Defining Independence

The latest view on not-for-profit accounting issues

Prior to becoming a CPA, when I heard “independence” I would think of Toby Keith songs, fireworks, and the American flag. Now that I’m an auditor, independence is not only a celebration on July 4th but also an assessment we must make on every attest engagement we perform.

The American Institute of CPAs (AICPA) accurately states objectivity as “a distinguishing feature of the profession”. An engagement team’s independence and lack of bias towards a client gives the users of the financial statements (the Users) confidence that the statements present fairly, in all material respects, the financial position of the entity.

The AICPA’s Code of Conduct (the Code) defines several “threats” that, without proper safeguards in place, could impair the independence of the auditor. In the not-for-profit world, the most applicable threats are familiarity, management participation, and self-review. For example:

  • Familiarity: The wife of one of the attest engagement team members is the CFO of the client.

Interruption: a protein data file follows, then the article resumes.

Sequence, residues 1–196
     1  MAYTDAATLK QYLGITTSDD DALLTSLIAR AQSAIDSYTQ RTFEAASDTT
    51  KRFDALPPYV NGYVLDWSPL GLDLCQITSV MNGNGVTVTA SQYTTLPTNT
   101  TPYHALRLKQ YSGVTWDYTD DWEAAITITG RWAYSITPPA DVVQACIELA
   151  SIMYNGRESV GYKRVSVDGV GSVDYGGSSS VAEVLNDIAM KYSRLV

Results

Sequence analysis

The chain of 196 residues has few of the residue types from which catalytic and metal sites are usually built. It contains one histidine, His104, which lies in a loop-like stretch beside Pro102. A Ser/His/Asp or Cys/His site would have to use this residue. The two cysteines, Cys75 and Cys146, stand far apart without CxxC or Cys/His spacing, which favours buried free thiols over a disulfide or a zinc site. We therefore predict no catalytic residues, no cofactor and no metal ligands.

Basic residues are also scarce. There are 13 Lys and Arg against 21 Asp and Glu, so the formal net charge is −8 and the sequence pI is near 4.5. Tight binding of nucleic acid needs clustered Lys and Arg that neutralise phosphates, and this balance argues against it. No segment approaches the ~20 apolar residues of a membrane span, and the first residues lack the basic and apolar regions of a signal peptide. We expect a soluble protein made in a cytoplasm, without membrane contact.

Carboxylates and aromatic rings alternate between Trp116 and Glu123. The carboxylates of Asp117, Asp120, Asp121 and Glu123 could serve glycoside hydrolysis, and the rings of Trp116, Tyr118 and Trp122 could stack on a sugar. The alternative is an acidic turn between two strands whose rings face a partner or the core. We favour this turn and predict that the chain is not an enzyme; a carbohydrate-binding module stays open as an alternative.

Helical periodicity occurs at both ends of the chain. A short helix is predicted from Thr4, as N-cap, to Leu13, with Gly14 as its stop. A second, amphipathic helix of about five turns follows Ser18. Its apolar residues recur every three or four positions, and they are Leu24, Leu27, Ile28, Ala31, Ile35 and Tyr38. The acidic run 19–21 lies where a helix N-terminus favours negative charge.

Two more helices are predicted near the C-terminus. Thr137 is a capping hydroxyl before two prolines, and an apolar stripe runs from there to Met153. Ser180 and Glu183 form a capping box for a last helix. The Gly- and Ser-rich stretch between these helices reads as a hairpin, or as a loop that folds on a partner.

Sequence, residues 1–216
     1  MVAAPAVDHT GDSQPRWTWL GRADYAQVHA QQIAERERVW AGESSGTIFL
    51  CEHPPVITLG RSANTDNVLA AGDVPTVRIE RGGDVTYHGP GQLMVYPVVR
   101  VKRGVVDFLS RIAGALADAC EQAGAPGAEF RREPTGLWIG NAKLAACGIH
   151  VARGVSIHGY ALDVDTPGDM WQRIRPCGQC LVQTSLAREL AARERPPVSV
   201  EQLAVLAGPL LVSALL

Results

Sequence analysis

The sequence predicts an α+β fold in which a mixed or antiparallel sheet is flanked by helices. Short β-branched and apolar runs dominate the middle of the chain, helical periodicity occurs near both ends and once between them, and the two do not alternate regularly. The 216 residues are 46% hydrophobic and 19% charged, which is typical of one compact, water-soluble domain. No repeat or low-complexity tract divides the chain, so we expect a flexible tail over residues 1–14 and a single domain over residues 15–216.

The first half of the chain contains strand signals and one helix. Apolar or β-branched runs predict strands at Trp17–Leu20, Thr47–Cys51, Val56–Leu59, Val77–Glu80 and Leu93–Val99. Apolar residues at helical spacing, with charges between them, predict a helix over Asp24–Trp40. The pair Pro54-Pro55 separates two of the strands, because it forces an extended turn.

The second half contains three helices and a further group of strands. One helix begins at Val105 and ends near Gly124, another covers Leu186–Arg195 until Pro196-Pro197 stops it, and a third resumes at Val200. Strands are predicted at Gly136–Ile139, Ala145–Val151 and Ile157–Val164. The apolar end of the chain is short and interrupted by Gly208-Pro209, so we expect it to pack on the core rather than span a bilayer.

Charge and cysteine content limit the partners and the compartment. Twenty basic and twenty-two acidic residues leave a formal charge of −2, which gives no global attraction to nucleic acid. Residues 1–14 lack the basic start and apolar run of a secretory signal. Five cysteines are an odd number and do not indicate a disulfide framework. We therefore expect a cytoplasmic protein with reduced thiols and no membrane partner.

• Management participation: A tax partner of the firm serves as a director of the entity.
  • Self-review: The firm’s accounting niche prepares invoices or other source documents and calculations for the attest client.

Would the team member write up his wife on a material weakness if he knew it could affect her bonus (and result on him sleeping on the couch)? Would the partner give an adverse opinion if it reflects poorly on a fellow partner or would an attest engagement team review work of their coworkers and write it up as wrong? Either of those would make the holiday party quite awkward.

There is a plethora of situations that could result in a threat to independence. Our profession is continuing to assess and update standards to mitigate these threats. After all, you’re paying for an unbiased opinion and that’s what you should get.

By Samantha E. Mahlen, CPA